Callahan’s “Good Medicine” enacts a precarious pattern of recovery and relapse as its protago-nist adjusts her anxiety medication; Colette Maitland’s terrific “Downsizing” juxtaposes the humil-iating everyday compromises and nasty daggers of a terrible marriage. Don Gillmor’s unsettling extramarital affair in “Dead Birds” finds danger everywhere in the mundane, from the threat of pens in a rare books archive to the ongoing theme of the “American trait” of wanting to kill and love something at the same time.
In Jasmine Sealy’s “Collapse,” one character compares this omnipresent sense of danger to “lightning striking the house next door. It makes life feel so… fragile.” But Sealy’s narrative ulti-mately disputes this character’s perception; death, disruption, and fracture aren’t just a disaster, but an opportunity for connection, reconnection, and even homecoming.
This feeling of rapid-fire monotony, of fragments threatening to veer into dangerous territory, consistently manifests in these short stories’ form and language. Cunningham’s staccato sen-tences and devastating fragments beat out the mundane rhythms of life and death, like gunfire or helicopter wings: “My mom. No, I should say my dead mom.” Joshua Wales’ “Lightness” uses exhilarating jumps in time to enact a lifetime of heartbreak. The structure of Elise Levine’s dev-astating “Arnhem” picks up the episodic rhythm of its main characters’ hitchhiking across Eu-rope, their undifferentiated dialogue always hovering between intense intimacy and the unspeak-able traumas simmering beneath the surface. In “Lady With the Big Head Chronicle” (which I consider the standout story in the collection), Lalonde’s title character is an otherworldly cryptid, but Lalonde also writes in otherworldly fragments, ghost-like episodes. Her language is a prose-poetry hybrid that flits in and out of focus like a microcosm of this collection—and perhaps a mi-crocosm of this world, this year:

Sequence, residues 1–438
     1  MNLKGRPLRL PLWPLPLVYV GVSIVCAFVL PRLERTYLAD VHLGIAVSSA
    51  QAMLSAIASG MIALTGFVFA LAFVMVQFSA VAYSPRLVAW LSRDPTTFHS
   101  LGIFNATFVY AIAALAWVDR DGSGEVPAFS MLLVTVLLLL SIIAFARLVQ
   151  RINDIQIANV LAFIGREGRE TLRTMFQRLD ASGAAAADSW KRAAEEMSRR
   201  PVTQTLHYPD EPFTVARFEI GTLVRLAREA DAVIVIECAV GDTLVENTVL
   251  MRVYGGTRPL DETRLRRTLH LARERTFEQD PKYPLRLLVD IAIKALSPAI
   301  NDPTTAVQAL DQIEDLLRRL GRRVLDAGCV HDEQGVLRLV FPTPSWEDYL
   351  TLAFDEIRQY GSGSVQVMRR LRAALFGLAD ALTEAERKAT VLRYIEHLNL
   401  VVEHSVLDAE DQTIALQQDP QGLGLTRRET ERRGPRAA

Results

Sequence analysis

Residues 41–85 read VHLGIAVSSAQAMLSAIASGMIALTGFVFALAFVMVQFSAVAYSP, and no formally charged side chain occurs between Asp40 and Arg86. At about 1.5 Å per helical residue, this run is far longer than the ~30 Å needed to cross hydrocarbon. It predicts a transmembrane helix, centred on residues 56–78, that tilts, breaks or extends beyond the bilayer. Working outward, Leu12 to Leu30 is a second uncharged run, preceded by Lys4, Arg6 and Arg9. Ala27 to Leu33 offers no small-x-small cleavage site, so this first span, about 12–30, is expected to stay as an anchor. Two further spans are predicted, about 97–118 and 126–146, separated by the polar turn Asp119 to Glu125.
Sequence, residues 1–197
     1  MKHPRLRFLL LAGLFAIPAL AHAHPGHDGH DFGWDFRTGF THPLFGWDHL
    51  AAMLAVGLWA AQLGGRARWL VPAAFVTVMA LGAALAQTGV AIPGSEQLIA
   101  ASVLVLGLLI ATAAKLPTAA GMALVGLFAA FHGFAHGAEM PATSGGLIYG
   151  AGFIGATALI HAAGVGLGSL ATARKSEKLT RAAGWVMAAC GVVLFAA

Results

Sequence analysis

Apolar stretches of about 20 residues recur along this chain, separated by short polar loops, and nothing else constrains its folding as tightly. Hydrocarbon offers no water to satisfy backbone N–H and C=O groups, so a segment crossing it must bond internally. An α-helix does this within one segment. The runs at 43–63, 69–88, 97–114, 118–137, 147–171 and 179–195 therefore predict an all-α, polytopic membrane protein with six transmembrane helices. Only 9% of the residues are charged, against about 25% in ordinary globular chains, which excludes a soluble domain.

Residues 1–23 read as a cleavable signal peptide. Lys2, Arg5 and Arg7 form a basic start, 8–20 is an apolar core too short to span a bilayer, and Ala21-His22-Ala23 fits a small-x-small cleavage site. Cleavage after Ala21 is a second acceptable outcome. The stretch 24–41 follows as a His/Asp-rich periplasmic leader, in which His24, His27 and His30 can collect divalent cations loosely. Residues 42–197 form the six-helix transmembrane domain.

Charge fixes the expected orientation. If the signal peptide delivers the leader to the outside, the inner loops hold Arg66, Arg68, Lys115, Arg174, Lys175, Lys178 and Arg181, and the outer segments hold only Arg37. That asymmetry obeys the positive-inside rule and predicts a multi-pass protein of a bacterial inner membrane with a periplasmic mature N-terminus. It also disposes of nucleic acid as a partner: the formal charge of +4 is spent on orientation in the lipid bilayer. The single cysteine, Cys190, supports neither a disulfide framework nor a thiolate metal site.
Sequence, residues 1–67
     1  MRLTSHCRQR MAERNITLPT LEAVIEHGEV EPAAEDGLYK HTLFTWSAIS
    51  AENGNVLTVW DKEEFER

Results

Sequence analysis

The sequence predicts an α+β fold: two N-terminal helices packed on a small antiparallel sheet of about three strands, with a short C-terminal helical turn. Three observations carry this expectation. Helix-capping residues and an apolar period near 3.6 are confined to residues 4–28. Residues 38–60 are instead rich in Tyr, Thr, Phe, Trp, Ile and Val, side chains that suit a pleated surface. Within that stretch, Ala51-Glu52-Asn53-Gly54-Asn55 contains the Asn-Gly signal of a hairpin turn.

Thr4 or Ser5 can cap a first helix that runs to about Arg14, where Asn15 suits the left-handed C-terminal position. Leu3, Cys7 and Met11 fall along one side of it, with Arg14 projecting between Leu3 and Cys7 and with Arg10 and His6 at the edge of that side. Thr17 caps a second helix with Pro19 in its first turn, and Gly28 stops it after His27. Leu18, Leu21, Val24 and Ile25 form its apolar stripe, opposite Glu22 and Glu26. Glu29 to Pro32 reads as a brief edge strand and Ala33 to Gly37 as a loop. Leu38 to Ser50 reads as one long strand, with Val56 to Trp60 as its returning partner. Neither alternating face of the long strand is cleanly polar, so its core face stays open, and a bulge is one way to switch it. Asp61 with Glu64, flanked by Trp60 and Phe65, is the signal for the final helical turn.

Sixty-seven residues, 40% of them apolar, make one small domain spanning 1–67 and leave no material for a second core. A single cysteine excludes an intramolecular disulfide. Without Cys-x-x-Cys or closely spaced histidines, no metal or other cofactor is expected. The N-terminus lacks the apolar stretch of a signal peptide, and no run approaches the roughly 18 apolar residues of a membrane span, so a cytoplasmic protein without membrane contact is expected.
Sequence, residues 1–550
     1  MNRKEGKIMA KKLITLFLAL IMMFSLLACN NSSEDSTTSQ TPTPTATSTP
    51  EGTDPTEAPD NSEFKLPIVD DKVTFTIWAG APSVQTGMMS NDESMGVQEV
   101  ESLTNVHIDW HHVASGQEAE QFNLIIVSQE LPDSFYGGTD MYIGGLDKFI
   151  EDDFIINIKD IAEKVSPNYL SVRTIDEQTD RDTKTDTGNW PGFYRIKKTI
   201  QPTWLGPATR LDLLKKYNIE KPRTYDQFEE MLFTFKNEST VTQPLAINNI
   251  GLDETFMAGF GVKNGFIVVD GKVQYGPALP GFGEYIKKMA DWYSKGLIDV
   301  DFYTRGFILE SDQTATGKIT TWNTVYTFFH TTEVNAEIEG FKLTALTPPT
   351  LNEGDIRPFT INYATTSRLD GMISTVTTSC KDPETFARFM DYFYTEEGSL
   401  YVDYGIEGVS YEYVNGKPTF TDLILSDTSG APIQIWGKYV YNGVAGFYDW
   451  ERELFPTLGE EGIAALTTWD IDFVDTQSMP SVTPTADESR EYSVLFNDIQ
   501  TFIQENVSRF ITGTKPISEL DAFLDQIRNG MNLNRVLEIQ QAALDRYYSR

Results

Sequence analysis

"The lady with the big head is a little bit like a medium between us and this world. We fumble toward knowing one another with our gifts and intentions, undaunted by our failures to understand one another. Thrilled by the revelations that come."
Although I don’t want to spoil a truly transformative ending—to a story or to a remarkable short story collection—I think that the last line of Joy Waller’s “Shinjuku for Stray Angels” couldn’t work any better in this context. Waller sets her fragmented love story in a strange, piecemeal version of Tokyo—a place made up of fast food and moonlit parks, but also inhabited by foreboding im-aginary snakes and wolves. But we’re at home in this place of contrast, fragments, precarity, and impending fracture. After everything, “We don’t feel lost.”